The Rock’n’Roll Hall of Fame in Cleveland

The Rock’n’Roll Hall of Fame is probably the most well known and popular place in Cleveland for people visiting the city. A tribute to and museum for everything relating to rock’n’roll, it’s an incredibly popular place to visit for anyone who enjoys the genre of music. Growing up in Cleveland, I’ve visited the Rock’n’Roll hall of fame too many times to remember. My school would take us there every other year in elementary and middle school, and since the museum would have a new exhibit or two every month or so, I also went whenever a particular exhibit caught my eye. Having been there so many times I feel comfortable saying that while the museum does do many things right, there is at least one major flaw with it.

Before going into that though, I’ll give a brief description of it’s layout. One thing that immediately catches your eye when arriving at the Rock’n’Roll Hall of Fame is it’s shape. Much like the Louvre, the museum is a giant glass pyramid, a design choice I’ll talk about a bit more later. Inside the museum there are many permanent exhibits and 2-3 temporary ones at a time. In the basement, and the largest floor of the museum, there are movies on the history of Rock’n’Roll that you can watch, an exhibit on different cities and the music they produced, and an exhibit on the origins of rock’n’roll. Along with this are also displays of some of the museums collection of famous instruments and outfits from performers, and props from famous shows. On the museum’s first floor is a permanent Beatles exhibit, and an exhibit on contemporary rock’n’roll artists. A spiraling ramp takes you up to the second floor and the inside of this ramp contains plaques for all the hall of fame inductees. The second floor is where the temporary exhibits are usually contained. The third and final floor is where the hall of fame’s most popular attraction is. Here there are dozens of headphones attached to the wall, and at each one, you can listen to the entire collection of music by any artist that has been inducted into the Rock’n’Roll Hall of Fame. Many people have spent hours at this section of the museum.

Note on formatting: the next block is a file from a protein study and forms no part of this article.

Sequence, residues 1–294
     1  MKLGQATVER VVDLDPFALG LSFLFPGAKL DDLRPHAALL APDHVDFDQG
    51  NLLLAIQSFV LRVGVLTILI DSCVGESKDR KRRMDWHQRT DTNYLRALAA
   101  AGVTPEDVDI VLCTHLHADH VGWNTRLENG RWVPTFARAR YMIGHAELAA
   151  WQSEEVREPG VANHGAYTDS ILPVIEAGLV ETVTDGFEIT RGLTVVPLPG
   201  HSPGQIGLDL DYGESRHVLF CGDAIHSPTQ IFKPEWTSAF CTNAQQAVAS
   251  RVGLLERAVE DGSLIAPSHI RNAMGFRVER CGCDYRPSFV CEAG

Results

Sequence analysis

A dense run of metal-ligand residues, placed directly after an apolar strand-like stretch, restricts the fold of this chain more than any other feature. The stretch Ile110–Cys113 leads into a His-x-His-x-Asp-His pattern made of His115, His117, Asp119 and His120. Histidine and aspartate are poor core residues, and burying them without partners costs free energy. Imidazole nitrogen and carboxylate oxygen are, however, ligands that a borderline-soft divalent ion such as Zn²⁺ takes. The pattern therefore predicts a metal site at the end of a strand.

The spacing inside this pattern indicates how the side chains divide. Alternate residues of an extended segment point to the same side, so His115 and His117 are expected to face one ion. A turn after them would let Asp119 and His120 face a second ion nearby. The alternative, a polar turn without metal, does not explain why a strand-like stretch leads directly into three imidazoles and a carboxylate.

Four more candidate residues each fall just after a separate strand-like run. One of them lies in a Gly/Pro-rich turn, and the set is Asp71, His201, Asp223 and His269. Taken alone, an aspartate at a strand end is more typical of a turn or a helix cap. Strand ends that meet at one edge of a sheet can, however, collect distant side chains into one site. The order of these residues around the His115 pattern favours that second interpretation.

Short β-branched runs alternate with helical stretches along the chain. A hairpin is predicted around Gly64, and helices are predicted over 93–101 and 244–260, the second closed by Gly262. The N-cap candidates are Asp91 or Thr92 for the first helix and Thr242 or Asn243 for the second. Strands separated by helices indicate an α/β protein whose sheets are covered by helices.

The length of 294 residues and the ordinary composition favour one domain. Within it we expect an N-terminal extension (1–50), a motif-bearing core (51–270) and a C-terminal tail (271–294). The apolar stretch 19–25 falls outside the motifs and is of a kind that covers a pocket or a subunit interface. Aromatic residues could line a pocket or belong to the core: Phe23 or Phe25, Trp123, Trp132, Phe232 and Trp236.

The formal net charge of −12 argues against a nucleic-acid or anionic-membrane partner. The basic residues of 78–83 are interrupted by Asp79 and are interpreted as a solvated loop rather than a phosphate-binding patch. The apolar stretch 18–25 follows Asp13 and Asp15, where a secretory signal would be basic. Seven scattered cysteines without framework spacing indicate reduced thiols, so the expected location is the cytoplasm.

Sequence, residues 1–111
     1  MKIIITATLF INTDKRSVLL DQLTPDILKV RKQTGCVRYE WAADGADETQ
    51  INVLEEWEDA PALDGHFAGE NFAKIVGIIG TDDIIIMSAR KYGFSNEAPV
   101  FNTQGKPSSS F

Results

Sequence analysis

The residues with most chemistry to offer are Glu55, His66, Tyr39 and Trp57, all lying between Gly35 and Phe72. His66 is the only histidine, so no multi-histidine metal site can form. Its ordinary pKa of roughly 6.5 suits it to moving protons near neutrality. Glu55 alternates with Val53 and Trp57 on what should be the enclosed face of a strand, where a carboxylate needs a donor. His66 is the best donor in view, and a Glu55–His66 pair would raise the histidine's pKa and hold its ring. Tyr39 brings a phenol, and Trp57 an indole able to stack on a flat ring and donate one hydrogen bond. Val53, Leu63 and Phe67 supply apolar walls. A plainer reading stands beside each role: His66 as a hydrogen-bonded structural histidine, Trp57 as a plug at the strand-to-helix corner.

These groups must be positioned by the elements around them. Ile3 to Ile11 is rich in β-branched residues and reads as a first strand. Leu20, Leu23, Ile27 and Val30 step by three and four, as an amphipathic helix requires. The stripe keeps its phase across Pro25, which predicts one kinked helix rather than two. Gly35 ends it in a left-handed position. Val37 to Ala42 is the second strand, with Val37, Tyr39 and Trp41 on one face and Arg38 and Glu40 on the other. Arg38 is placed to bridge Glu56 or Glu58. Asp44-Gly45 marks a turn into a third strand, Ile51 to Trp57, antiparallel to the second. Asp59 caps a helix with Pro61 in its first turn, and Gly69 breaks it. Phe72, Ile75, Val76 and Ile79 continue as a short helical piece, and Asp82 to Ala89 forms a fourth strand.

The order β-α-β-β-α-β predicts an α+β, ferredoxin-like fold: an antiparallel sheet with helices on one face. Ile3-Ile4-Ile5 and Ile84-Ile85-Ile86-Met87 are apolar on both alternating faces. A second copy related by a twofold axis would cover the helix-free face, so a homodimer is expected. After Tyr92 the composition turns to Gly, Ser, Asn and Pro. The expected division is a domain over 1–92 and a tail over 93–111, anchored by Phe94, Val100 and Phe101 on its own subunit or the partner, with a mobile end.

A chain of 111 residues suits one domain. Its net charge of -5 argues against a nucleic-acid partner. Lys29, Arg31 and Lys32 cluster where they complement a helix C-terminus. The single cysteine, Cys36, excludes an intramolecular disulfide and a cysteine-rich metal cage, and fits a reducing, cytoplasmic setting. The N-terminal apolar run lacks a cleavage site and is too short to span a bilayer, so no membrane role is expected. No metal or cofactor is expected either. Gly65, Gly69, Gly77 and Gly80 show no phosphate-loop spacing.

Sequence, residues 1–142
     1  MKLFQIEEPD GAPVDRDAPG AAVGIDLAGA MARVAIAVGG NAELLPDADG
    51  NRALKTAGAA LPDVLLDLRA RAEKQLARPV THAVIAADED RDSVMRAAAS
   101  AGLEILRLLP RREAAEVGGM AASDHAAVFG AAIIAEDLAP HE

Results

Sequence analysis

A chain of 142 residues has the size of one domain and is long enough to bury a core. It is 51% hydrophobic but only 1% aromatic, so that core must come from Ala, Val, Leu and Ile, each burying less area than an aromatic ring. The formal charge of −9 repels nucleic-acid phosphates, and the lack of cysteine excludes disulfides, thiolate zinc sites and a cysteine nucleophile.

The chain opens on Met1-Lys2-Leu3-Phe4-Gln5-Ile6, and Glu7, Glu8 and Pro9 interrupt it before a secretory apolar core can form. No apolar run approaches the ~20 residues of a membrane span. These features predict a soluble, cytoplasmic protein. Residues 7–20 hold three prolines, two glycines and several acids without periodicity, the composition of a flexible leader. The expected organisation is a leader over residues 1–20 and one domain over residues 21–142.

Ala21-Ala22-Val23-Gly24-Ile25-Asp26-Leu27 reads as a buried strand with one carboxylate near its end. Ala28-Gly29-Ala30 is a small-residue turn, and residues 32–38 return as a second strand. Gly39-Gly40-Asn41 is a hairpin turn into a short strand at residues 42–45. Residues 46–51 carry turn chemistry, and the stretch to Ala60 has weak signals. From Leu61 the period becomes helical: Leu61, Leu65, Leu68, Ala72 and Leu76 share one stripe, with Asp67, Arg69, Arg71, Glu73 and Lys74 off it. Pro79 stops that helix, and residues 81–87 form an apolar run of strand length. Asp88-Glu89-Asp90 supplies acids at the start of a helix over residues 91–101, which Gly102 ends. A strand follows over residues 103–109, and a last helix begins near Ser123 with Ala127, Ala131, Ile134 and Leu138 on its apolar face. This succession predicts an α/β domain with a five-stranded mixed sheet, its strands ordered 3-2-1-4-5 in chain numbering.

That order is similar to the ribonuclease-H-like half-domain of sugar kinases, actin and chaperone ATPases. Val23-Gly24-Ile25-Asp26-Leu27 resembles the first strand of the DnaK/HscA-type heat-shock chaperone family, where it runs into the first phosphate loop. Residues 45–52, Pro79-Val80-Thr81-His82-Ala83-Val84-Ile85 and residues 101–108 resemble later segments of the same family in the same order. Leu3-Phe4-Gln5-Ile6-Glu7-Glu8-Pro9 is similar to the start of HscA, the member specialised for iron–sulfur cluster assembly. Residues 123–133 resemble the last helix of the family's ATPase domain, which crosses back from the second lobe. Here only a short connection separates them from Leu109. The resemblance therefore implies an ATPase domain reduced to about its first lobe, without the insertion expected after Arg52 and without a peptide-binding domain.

The Rock’n’Roll Hall of Fame does many things right in my opinion. It works closely with local school districts to allow kids from all over Cleveland to come visit very cheap, it constantly has new, interesting exhibits on display, and the museum has been very beneficial to the city of Cleveland thanks to the number of visitors from elsewhere in the country that it attracts. Other things it could do better though. Those in charge of choosing who is inducted into the rock hall have been accused many times of letting personal politics influence their decisions. The yearly induction ceremony for the rock hall, an event that attracts thousands each year, is rarely held in Cleveland, often being held in other cities instead even though it would be a boon to Cleveland’s economy for it to be held in the city. The museum’s design itself is also often criticized. While definitely making it interesting to look at, the pyramid design of the museum had severely restricted the amount of floor space it has to display it’s collection. All in all though, I think the Rock’n’Roll Hall of Fame is greatly beneficial to the city of Cleveland, bringing in tourists year round, and providing an interesting, educational, and fun environment for kids in the city to visit.


A Trip to The Cleveland Museum of Natural History